Talk about feeling a major sense of pride. Sure, our state has its troubles with money and politics, but our education always shines a bright light on our strengths. And, as it turns out, our graduation rates continue to go on the up and up.
Fairfield Daily Voice reports that we continue to remain one of the nation’s most educated states. It goes just beyond our quality school districts and reforms.
It all comes down to how many kids complete high school. And the amount continues to grow each year.
Last year, our graduation rates reached 87.9 percent, the highest in history. This is also the 7th straight year since these rates began increasing.
Governor Malloy broke the news in Bridgeport. He chose that location because Wilbur Cross HS saw the third largest increase in their rates this year. 81.3 percent of their student body attained their diplomas last spring.
In 2013, that number was 64.3 percent.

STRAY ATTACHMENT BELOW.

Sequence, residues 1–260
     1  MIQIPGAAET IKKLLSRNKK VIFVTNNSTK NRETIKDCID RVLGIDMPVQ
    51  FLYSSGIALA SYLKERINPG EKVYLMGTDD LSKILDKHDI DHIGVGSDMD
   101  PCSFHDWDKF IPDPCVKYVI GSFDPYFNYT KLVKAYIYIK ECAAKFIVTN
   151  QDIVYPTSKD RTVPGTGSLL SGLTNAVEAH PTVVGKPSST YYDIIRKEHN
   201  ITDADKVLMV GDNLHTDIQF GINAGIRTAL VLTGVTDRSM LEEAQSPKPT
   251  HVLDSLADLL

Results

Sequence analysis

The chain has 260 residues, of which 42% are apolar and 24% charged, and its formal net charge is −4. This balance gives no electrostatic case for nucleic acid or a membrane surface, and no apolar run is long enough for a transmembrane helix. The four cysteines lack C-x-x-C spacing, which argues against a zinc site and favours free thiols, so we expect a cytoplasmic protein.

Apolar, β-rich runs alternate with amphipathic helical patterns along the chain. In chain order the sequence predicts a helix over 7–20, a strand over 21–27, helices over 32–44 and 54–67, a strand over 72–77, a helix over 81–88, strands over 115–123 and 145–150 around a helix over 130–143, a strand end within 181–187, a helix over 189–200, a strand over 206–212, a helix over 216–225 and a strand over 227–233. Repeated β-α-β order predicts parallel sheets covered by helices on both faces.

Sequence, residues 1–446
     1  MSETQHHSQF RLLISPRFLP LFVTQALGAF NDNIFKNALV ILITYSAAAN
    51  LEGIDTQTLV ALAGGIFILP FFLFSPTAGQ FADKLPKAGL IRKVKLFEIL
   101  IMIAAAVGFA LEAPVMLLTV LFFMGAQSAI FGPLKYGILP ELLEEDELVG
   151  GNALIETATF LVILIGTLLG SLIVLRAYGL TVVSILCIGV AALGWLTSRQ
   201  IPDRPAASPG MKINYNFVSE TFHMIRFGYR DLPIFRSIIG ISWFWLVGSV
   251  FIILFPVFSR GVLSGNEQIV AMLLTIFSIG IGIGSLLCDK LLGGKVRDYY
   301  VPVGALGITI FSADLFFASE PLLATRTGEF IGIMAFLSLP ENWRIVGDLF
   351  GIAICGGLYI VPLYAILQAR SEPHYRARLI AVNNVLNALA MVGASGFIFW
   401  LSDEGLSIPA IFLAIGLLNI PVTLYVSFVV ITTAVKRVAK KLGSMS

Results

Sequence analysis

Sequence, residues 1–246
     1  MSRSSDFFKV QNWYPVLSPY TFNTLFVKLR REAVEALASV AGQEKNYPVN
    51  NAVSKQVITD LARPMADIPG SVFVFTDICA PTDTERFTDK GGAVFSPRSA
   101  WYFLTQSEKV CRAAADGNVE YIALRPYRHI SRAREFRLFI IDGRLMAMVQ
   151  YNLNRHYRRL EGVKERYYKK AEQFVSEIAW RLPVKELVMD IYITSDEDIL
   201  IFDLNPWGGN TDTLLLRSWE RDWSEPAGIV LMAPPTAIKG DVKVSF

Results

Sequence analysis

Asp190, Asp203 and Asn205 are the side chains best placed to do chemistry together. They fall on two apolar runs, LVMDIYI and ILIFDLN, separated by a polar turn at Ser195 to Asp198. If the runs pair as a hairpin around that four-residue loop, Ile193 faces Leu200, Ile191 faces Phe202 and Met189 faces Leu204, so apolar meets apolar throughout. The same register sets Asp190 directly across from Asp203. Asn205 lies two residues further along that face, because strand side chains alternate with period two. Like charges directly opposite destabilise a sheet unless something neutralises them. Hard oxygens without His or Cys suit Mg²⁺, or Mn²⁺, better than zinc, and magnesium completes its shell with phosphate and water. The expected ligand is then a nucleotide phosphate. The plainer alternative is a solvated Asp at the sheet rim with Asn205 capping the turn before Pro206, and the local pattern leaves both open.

The number of graduating Latino and black students in the state increased, too. In addition, the state also recorded an increase in students who learned English as a second language.
Commissioner of Education Dianna R. Wentzel marveled over the recent report:
“The fact that more young people than ever before are earning high school diplomas is a testament to the hard work and commitment of so many teachers, principals, superintendents, community partners, elected leaders, and of course our parents and students.”
Also, both the DOE and Malloy touched upon the success of one of the state’s education programs. The state’s Alliance District program also saw major improvements this year. Graduation rates reached 80.5 percent this year.
In 2017, that number was 71.2.
Alliance Districts are the states 33 lowest performing districts. Those within the program see an additional share of Education Cost Sharing funding.
Even better, the Educational Reform Districts, a concentrated group of the state’s lowest performing districts, also saw improvement. They reported a 12.1 uptick in their rates since 2011.
Meaning, 75.7 percent of their student body earned diplomas last spring.
So, despite our issues, this is a great strength our state has to offer. For kids to succeed, they need a high school diploma or GED to find a quality job. More and more employers express a desire for an educated workforce.
So, for kids to get ahead, they need to graduate. And, apparently, it’s easy to do in Connecticut. As it should be.